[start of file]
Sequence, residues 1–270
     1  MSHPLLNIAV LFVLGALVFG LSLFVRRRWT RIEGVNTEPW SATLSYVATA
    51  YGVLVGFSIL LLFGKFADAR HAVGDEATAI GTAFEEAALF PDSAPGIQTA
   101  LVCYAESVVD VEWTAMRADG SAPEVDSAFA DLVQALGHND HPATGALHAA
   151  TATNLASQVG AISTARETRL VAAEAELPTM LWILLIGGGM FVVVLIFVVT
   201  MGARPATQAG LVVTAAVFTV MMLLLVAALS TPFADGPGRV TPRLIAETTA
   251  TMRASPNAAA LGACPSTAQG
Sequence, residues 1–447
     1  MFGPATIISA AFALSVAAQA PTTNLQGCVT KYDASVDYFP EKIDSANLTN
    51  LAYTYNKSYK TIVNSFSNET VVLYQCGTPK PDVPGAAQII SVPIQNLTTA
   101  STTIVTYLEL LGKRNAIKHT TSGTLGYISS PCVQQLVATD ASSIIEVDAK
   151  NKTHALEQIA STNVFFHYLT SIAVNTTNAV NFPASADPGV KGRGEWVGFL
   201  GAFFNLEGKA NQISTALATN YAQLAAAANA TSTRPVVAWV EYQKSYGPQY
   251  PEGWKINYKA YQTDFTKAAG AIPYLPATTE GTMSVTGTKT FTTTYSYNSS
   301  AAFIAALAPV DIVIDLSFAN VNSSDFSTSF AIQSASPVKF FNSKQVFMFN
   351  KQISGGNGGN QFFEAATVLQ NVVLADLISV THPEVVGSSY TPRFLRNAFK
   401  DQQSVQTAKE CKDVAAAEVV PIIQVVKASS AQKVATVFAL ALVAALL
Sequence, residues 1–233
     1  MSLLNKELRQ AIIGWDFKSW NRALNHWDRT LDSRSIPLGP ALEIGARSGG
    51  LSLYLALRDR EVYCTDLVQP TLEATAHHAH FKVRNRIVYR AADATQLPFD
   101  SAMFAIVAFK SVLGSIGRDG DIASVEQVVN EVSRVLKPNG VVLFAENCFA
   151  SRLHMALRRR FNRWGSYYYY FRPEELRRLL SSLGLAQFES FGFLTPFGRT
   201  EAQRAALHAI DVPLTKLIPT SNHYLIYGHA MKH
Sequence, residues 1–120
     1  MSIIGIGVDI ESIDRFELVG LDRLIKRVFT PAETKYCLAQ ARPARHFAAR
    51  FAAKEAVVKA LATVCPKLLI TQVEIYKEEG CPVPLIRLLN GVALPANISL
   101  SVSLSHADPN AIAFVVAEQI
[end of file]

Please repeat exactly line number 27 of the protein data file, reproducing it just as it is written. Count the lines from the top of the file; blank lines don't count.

   101  SVSLSHADPN AIAFVVAEQI